Sunday, July 28, 2013

John Mauldin: A Lost Generation

It is pretty well established that a tax increase, especially an income tax increase, will have an immediate negative effect on the economy, with a multiplier of between 1 and 3 depending upon whose research you accept. As far as I am aware, no peer-reviewed study exists that concludes there will be no negative effects. The US economy is soft; employment growth is weak – and yet we are about to see a significant middle-class tax increase, albeit a stealth one, passed by the current administration. I will acknowledge that dealing a blow to the economy was not the actual plan, but that is what is happening in the real world where you and I live. This week we will briefly look at why weak consumer spending is going to become an even greater problem in the coming years, and we will continue to look at some disturbing trends in employment.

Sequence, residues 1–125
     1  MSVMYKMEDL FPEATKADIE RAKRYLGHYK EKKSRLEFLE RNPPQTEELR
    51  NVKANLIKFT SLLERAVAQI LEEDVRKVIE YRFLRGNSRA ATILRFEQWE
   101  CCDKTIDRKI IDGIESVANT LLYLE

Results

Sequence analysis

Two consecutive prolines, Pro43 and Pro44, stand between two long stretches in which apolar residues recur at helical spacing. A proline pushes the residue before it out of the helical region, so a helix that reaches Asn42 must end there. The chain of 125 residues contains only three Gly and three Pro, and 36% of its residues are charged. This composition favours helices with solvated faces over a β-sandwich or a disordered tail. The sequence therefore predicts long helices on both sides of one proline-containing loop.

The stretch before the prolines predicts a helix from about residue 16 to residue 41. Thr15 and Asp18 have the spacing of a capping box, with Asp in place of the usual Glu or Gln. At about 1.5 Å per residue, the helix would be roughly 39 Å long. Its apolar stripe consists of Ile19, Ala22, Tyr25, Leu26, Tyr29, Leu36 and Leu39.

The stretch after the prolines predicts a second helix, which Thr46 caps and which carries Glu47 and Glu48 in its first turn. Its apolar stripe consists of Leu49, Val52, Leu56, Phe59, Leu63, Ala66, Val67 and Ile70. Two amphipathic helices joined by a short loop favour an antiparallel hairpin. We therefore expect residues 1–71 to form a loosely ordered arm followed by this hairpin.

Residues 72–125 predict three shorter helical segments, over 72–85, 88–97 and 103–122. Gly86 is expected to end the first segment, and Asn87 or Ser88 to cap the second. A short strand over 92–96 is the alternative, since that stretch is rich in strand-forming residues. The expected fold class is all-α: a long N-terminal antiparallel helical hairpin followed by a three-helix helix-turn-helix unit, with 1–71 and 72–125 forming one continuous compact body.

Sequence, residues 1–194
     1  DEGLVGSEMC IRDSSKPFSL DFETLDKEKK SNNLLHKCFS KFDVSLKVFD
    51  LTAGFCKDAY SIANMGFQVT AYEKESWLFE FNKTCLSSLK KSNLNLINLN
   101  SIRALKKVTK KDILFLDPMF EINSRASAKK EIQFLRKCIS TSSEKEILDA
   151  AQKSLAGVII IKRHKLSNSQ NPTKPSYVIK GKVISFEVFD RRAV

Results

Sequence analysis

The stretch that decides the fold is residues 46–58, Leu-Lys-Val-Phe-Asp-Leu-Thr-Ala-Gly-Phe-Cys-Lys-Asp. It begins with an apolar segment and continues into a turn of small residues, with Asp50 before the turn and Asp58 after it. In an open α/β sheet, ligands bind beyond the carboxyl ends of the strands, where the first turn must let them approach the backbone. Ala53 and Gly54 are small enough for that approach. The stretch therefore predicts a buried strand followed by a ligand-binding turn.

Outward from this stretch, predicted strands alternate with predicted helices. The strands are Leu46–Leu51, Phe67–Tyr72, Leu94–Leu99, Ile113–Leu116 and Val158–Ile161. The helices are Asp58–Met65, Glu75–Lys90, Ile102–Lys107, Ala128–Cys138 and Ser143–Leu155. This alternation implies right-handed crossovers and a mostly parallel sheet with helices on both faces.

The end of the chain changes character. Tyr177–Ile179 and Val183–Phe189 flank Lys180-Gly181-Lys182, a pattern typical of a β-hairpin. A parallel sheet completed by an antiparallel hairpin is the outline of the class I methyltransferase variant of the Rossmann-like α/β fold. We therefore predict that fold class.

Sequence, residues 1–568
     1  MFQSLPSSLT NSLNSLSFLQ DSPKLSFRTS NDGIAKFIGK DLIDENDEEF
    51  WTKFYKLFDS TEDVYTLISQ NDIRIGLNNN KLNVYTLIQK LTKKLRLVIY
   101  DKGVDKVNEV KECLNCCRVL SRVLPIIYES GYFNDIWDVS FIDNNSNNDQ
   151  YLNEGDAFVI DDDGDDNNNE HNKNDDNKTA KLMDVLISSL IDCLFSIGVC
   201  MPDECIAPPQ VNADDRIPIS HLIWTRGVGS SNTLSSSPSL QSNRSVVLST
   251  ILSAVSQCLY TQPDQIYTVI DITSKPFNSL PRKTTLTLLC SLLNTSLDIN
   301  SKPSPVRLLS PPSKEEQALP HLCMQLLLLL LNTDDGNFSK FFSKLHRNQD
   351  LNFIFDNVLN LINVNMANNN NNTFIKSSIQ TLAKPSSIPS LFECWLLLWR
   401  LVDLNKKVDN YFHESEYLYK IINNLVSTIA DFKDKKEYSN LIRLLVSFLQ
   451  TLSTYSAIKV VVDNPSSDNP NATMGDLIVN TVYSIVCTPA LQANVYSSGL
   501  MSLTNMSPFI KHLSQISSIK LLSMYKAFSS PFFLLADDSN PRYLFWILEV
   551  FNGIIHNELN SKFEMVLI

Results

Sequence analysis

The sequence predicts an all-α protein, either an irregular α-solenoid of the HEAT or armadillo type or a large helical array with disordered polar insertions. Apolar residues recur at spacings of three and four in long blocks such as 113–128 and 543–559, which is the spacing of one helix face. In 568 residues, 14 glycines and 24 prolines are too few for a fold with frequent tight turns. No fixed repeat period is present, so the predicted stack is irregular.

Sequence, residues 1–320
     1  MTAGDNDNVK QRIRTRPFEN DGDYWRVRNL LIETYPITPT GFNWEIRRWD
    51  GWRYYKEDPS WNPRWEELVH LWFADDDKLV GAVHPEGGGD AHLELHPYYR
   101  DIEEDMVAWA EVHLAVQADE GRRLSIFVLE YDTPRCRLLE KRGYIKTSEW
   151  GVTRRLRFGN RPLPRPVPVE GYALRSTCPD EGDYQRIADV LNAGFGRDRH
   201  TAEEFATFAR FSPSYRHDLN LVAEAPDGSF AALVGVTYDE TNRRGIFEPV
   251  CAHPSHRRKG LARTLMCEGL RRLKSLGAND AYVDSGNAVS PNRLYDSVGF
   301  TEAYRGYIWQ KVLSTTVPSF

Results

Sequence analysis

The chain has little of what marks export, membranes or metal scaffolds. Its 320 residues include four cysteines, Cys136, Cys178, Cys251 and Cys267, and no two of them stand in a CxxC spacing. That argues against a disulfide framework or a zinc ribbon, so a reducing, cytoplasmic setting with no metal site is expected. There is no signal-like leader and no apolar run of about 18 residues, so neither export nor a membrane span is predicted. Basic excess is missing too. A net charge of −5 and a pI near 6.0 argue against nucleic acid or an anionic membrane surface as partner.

The jobless nature of the recovery is particularly unsettling. In June, the government's Household Survey reported that since the start of the year, the number of people with jobs increased by 753,000 – but there are jobs and then there are "jobs." No fewer than 557,000 of these positions were only part-time. The June survey reported that in June full-time jobs declined by 240,000, while part-time jobs soared 360,000 and have now reached an all-time high of 28,059,000 – three million more part-time positions than when the recession began at the end of 2007.

That's just for starters. The survey includes part-time workers who want full-time work but can't get it, as well as those who want to work but have stopped looking. That puts the real unemployment rate for June at 14.3%, up from 13.8% in May.